The last time I played a course with such a dazzling array of flowering shrubs, bushes and trees around the tee boxes and lining the fairways was at Tecina in La Gomera. Sierra doesn’t quite have the same wonderful Atlantic Ocean vistas as that Canary Islands course but it can certainly compete with it on the botanical front.
I’d heard that the owner left following a disagreement at his former club and decided to do whatever he could to make his new club more attractive than the other one, hence the proliferation of plantings around the course. How true that story is, I don’t know, but I have been told the owners of all the private Polish clubs are very competitive!
The tee box on every hole at Sierra was immaculate, with a perfectly positioned bench, ball washer, bin and board showing the layout of the hole. Cart paths were fully tarred, there wasn’t a weed to be seen on any fairway or around the greens and not the slightest hint of anything being out of place.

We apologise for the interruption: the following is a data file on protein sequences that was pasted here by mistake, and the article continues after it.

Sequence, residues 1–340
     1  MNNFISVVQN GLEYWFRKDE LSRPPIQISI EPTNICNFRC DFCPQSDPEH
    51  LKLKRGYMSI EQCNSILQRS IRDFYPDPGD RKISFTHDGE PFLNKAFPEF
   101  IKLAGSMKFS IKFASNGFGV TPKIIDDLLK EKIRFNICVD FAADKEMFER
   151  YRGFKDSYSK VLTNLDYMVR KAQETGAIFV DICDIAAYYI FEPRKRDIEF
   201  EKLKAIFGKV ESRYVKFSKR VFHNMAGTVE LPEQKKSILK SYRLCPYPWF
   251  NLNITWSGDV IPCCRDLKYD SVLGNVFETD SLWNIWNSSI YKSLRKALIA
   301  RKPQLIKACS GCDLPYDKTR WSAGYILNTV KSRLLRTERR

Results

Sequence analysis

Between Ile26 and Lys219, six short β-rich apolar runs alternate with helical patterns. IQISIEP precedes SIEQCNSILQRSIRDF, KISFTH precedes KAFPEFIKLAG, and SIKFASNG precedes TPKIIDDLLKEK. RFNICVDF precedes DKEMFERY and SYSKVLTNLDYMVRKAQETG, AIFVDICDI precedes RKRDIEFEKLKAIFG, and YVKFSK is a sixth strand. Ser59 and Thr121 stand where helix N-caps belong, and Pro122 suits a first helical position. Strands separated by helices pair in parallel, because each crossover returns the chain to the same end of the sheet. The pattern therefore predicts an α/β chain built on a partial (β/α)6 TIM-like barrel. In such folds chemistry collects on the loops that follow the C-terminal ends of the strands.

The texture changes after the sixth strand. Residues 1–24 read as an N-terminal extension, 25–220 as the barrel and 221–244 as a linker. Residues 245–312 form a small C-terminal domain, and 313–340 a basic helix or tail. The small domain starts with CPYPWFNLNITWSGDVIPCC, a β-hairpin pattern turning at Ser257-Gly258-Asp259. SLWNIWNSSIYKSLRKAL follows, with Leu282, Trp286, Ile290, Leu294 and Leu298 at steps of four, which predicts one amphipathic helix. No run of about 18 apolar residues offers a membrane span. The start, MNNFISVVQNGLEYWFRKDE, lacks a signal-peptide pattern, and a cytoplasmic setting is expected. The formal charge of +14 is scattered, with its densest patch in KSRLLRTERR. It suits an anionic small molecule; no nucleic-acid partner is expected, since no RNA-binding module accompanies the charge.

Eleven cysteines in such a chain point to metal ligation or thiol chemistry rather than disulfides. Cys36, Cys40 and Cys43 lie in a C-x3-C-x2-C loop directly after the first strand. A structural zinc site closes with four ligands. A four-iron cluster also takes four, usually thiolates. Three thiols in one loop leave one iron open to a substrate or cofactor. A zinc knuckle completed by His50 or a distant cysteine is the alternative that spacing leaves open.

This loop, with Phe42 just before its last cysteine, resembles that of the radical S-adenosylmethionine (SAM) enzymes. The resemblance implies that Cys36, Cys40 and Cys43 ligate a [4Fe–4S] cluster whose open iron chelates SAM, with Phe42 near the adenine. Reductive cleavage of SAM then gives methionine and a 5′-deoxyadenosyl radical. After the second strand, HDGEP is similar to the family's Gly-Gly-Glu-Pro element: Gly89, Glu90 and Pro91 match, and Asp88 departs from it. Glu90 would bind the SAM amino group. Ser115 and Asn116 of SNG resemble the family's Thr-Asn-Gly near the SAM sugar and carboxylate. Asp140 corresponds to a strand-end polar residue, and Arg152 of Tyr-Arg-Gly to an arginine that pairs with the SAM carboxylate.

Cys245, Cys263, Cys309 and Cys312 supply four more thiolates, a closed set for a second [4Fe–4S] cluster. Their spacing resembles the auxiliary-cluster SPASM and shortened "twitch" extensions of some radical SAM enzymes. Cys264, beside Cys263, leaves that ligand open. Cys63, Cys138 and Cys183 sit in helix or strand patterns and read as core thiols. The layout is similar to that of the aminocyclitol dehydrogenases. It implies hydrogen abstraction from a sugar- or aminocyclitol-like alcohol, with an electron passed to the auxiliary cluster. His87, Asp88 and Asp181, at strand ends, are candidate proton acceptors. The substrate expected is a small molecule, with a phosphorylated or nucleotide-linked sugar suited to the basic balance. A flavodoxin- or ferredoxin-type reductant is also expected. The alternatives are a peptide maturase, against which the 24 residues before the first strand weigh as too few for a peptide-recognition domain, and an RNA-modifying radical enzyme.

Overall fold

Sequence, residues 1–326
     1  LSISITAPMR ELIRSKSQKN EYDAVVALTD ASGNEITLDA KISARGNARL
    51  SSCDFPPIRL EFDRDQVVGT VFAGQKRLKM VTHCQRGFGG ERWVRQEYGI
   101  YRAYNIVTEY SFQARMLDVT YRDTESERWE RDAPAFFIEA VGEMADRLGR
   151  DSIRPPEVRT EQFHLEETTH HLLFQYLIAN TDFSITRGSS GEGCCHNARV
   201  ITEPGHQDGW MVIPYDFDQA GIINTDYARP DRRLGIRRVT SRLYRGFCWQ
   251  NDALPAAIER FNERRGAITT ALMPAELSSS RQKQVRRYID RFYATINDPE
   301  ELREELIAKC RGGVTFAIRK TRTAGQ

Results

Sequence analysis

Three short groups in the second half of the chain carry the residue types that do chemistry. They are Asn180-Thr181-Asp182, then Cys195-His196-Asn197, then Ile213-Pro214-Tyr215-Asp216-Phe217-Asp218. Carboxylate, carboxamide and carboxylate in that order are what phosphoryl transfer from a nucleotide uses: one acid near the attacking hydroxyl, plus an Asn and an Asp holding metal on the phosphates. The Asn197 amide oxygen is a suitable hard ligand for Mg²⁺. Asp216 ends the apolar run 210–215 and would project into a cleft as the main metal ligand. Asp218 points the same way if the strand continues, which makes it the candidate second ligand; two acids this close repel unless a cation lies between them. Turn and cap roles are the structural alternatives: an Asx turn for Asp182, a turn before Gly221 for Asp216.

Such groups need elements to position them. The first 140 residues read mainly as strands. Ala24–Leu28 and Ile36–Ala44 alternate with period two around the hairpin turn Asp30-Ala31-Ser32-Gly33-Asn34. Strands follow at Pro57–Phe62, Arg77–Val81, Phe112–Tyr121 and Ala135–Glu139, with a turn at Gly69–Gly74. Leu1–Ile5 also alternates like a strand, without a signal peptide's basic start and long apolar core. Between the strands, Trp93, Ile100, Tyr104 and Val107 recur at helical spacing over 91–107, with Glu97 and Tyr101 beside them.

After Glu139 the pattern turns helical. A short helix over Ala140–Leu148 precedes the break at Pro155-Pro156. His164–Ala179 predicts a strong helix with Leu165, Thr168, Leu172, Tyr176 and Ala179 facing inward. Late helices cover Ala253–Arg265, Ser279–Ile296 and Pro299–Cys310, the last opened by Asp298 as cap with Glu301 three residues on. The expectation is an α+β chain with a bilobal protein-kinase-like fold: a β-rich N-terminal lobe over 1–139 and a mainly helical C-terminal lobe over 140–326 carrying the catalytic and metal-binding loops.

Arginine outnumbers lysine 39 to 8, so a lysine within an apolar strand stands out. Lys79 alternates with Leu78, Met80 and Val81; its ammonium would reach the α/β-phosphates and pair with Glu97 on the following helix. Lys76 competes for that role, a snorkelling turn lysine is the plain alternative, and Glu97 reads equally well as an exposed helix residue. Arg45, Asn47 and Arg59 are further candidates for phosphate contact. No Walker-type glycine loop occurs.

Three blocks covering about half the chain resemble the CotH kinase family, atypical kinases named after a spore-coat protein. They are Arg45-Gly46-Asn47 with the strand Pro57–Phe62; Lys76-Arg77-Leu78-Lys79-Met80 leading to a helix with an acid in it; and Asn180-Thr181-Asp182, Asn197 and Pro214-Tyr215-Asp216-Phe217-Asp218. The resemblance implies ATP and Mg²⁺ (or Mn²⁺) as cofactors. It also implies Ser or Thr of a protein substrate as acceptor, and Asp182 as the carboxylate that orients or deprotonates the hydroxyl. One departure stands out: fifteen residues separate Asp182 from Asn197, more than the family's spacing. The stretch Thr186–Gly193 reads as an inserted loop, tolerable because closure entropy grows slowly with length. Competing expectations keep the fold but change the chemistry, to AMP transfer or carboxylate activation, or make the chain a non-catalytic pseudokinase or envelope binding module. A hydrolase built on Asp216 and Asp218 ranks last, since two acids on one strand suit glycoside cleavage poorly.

After a solid start at the opening three holes – all of which are lengthy par fours – the par three 4th is the first (and best) of the short holes on the card, played to a raised green with a hint of aquatic trouble short and right of the putting surface.
The par four 10th is a beast of an uphill par five, doglegging first to the right then to the left as it heads towards the green and it resulted in a lost ball through not paying enough attention to the course guide booklet. Holes 15 to 17 all feature water hazards and they’re tough to tame (with stoke indices of 5, 3 and 7) before the 18th crosses another pond just as it heads uphill to the home green.
I didn’t play from the back markers which can stretch the course to just over 6,400 metres (5623 metres from the yellows was fine for me, thank you very much) but I can imagine the longer tees might well have been in use to give the course some real bite when Sierra hosted a couple of EGA Senior Team events in 2014 and 2016.
Date: June 05, 2018